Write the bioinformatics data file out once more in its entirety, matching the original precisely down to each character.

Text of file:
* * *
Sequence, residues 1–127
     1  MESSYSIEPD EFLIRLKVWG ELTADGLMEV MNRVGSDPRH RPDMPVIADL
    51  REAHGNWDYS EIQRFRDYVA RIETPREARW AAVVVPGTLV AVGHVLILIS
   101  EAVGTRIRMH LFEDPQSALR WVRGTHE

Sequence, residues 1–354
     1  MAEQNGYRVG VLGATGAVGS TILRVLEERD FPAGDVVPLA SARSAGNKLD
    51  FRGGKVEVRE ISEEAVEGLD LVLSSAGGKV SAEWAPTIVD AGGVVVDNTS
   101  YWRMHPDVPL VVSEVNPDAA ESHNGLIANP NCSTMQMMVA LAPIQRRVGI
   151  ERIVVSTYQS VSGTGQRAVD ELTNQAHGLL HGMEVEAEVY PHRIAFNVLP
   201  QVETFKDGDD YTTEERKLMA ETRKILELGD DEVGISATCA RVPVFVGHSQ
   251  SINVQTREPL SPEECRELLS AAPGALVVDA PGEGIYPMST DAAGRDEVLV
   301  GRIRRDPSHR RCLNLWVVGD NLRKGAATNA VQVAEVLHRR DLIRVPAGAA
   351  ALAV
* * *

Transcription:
Sequence, residues 1–127
     1  MESSYSIEPD EFLIRLKVWG ELTADGLMEV MNRVGSDPRH RPDMPVIADL
    51  REAHGNWDYS EIQRFRDYVA RIETPREARW AAVVVPGTLV AVGHVLILIS
   101  EAVGTRIRMH LFEDPQSALR WVRGTHE

Sequence, residues 1–354
     1  MAEQNGYRVG VLGATGAVGS TILRVLEERD FPAGDVVPLA SARSAGNKLD
    51  FRGGKVEVRE ISEEAVEGLD LVLSSAGGKV SAEWAPTIVD AGGVVVDNTS
   101  YWRMHPDVPL VVSEVNPDAA ESHNGLIANP NCSTMQMMVA LAPIQRRVGI
   151  ERIVVSTYQS VSGTGQRAVD ELTNQAHGLL HGMEVEAEVY PHRIAFNVLP
   201  QVETFKDGDD YTTEERKLMA ETRKILELGD DEVGISATCA RVPVFVGHSQ
   251  SINVQTREPL SPEECRELLS AAPGALVVDA PGEGIYPMST DAAGRDEVLV
   301  GRIRRDPSHR RCLNLWVVGD NLRKGAATNA VQVAEVLHRR DLIRVPAGAA
   351  ALAV